December 2014

Winter Squash

          by Charles W. Pratt


In bare December, the spirit seeks out matter.

You turn from the window and go down to the cellar,

Past braids of onions hanging from the rafters,

Sacks of potatoes and carrots, boxes of apples,

To stroke the hard smooth skin of the winter squashes,

Tawny butternut and ribbed green acorn,

Row after row on shelves, like words in Webster’s,

Waiting. You pick one up. Sun on your shoulder

Weighs as you stoop to plant, to weed, to water.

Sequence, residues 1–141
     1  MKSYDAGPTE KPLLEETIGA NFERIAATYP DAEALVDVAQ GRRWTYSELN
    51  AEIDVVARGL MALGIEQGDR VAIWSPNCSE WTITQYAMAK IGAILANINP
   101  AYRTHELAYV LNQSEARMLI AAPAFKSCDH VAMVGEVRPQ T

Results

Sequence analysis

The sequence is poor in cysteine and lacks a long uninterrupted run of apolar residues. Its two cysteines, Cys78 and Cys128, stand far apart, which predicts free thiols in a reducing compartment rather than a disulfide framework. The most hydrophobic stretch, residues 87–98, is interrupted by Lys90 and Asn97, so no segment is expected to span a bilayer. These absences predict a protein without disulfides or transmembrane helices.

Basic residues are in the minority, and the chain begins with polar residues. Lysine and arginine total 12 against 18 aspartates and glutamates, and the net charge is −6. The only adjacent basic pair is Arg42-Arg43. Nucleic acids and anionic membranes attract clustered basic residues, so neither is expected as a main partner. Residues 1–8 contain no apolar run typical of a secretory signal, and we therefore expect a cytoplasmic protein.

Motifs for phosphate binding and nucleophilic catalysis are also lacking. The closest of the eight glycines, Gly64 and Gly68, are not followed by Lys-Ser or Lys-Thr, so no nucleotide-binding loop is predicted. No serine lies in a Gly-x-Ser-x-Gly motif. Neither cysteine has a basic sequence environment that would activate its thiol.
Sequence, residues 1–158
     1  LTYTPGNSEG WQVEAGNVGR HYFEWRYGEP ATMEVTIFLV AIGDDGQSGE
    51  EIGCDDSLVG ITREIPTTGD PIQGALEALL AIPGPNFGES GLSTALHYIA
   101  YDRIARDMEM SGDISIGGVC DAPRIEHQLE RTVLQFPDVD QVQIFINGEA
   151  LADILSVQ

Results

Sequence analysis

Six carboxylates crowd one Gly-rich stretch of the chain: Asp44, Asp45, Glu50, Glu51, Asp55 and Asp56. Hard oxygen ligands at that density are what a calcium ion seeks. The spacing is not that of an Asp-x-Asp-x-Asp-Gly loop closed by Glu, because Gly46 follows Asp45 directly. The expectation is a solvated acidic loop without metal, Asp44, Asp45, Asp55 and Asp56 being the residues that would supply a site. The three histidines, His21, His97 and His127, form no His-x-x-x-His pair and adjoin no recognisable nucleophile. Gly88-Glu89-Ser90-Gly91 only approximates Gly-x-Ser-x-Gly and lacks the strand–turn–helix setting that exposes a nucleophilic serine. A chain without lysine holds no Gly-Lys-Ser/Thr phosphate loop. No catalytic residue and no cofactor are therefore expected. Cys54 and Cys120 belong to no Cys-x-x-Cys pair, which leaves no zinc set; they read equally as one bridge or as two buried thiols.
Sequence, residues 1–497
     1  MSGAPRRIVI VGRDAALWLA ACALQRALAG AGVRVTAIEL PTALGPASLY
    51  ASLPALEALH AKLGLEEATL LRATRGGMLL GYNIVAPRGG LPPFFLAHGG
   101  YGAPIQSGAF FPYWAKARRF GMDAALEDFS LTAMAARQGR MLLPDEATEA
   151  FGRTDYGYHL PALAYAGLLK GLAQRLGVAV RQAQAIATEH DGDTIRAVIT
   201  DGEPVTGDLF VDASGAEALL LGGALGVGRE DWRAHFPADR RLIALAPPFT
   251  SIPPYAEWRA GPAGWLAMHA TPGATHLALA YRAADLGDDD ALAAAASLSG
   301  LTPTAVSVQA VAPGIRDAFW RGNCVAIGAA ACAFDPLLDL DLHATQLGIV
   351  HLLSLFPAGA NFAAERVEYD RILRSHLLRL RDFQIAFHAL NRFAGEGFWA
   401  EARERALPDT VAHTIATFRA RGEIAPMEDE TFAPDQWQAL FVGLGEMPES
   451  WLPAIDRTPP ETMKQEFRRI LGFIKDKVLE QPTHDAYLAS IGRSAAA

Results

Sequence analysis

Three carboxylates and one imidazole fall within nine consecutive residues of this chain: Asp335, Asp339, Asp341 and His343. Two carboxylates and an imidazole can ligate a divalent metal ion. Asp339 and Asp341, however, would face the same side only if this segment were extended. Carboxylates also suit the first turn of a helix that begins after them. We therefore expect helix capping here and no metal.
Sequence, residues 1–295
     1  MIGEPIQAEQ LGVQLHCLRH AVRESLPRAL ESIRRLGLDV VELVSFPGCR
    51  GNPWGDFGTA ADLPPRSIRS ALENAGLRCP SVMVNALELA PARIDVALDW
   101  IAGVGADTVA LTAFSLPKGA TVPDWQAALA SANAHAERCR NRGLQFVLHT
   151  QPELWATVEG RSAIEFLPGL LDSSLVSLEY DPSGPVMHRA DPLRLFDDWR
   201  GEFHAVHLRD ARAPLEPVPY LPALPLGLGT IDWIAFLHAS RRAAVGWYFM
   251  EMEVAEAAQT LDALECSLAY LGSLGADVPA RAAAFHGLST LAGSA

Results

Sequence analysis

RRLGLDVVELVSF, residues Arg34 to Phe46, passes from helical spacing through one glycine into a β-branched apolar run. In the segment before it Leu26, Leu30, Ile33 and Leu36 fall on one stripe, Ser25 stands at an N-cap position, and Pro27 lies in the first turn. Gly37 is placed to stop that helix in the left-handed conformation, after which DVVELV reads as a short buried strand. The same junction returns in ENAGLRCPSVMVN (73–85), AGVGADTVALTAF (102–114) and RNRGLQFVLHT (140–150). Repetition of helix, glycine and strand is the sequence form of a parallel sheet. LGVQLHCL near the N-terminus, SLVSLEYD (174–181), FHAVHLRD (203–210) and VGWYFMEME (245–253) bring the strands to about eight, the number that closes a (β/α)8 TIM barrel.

Cool and dark, you stand in the buried cellar

Forming your sentence, then climb back up to winter.



From From the Box Marked Some Are Missing by Charles Pratt, Volume I of the Hobblebush Granite State Poetry Series, Hobblebush Books. Book available at 



Charles W. Pratt taught English for more than 25 years, mostly at Phillips Exeter Academy, before he and his wife Joan bought a small apple orchard in Brentwood, New Hampshire, and became apple-growers. In addition to From the Box Marked Some Are Missing, he has two previous collections: In the Orchard and Still Here.